Katherine Carscallen, Executive Director, Commercial Fishermen for Bristol Bay. Katherine Carscallen is a lifelong resident of Bristol Bay, raised in a generational fishing family. She captains a commercial drift fishing boat, the F/V Sea Hawk, making a living as part of the longest-lasting sustainable salmon fishery in the world. She has worked actively for over a decade to raise awareness about the threat the proposed Pebble Mine poses in Bristol Bay and currently serves as Executive Director of Commercial Fishermen for Bristol Bay, a national coalition of fishermen dedicated to protecting Alaska’s greatest wild salmon fishery and the land and waters that sustain it.

Evening Reception [4p-6p]
Wednesday, March 31st
Update on MSA Reauthorization [10a-10:30a]

PRESENTERS: Representative Jared Huffman

FORUM DESCRIPTION: Rep. Jared Huffman (CA-02), Chair of the Water, Oceans, and Wildlife Subcommittee, will discuss his efforts to reauthorize the Magnuson-Stevens Act this Congress.

PRESENTER BIOS: Jared Huffman represents California’s 2nd Congressional District which spans the North Coast of the state, from the Golden Gate Bridge to the Oregon border, and includes Marin, Sonoma, Mendocino, Humboldt, Trinity, and Del Norte counties. He was first elected to Congress in November 2012 and currently serves on the Committee on Natural Resources, the Committee on Transportation and Infrastructure, and the Select Committee on the Climate Crisis. In the 117th Congress, he chairs the Natural Resources Subcommittee on Water, Oceans and Wildlife, with jurisdiction over federal water projects, fisheries management, coastal zone, and oceans policy, and wildlife and endangered species. Jared also founded the Congressional Freethought Caucus to promote sound public policy based on reason, science, and moral values, while protecting the secular character of government and championing the value of freedom of thought worldwide.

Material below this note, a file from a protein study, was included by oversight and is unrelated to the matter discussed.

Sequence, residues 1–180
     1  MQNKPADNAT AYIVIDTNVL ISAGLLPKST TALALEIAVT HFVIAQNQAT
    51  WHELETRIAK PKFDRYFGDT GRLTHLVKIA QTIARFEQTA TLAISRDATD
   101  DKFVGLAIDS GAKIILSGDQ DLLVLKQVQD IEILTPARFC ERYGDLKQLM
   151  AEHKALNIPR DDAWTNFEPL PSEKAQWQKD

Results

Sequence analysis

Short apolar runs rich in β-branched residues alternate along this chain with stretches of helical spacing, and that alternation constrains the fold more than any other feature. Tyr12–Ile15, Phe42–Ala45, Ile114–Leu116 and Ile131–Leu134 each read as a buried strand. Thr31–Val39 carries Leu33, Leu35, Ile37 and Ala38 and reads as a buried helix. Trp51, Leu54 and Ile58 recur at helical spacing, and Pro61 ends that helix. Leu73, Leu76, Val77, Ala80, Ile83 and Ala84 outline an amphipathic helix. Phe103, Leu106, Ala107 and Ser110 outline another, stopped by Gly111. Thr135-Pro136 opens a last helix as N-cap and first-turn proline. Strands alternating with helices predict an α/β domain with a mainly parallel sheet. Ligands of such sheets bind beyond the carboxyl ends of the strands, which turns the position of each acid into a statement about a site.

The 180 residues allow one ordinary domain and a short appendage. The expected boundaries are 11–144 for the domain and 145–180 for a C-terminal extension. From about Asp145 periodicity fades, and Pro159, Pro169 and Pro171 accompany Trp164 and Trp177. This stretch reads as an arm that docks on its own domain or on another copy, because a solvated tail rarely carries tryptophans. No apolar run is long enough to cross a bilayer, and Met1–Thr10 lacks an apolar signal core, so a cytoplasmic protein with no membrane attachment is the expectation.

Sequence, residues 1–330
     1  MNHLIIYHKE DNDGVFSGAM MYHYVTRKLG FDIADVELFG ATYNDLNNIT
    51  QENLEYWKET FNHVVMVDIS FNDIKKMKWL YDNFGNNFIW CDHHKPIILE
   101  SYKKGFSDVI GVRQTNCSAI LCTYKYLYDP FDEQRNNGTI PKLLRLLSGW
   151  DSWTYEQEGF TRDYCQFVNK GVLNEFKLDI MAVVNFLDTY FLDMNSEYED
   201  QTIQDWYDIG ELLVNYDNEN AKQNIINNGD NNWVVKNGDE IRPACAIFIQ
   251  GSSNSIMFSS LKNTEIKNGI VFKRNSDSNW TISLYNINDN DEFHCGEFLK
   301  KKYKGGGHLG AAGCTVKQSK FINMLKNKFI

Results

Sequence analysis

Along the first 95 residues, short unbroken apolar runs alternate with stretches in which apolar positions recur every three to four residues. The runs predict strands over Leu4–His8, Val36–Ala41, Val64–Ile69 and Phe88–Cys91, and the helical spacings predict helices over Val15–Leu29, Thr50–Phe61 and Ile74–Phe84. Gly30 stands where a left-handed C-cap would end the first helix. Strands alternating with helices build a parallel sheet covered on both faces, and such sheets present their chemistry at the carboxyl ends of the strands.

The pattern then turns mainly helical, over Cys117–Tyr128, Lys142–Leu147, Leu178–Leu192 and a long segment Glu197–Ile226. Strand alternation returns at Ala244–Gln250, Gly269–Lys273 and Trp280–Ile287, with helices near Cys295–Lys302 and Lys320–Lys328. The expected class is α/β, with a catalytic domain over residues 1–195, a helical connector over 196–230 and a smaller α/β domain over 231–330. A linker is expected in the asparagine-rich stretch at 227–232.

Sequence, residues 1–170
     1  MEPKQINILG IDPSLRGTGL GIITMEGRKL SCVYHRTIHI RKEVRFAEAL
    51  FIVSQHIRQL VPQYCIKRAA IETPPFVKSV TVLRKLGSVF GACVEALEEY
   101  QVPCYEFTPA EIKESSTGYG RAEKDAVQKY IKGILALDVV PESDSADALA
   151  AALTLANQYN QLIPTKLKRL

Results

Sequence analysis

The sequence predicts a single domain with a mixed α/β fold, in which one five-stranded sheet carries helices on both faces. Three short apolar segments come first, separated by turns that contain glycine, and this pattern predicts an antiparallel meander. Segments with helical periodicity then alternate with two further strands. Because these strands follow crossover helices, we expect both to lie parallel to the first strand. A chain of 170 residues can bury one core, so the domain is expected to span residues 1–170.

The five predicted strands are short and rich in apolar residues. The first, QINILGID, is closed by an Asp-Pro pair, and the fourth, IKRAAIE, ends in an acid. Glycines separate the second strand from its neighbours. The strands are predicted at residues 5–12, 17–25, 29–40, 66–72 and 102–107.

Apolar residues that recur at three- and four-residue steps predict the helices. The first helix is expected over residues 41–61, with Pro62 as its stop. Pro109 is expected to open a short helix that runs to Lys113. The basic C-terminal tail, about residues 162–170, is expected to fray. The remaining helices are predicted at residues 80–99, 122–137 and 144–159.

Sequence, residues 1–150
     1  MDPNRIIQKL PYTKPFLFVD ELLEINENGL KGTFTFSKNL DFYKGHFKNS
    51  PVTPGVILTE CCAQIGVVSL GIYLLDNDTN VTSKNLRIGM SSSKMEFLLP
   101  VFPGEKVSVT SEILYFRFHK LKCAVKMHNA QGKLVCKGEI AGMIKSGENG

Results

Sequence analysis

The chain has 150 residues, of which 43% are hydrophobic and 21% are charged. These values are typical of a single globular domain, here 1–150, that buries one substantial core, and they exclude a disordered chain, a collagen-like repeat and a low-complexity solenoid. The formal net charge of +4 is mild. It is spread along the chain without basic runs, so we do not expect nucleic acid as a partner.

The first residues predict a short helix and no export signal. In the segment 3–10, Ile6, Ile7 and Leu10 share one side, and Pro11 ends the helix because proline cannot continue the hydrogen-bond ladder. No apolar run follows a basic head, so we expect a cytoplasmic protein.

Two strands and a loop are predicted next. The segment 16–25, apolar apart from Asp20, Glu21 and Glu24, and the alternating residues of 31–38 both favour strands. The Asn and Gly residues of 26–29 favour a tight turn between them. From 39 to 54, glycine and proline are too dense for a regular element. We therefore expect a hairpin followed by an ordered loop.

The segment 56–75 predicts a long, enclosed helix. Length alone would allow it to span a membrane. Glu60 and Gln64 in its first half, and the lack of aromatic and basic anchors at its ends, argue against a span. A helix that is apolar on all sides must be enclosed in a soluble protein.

During his four terms in Congress, Jared has built a reputation as a progressive leader and an environmental expert who focuses on making a difference. Jared is also committed to ensuring our communities are resilient to the effects of climate change, including wildfires and droughts. He has been instrumental in defending America’s coastlines from offshore oil and gas drilling, introducing legislation to protect the Pacific and Arctic Oceans as part of a coordinated, nationwide effort to protect oceanic ecosystems and coastal economies, while reducing our unhealthy dependency on fossil fuels.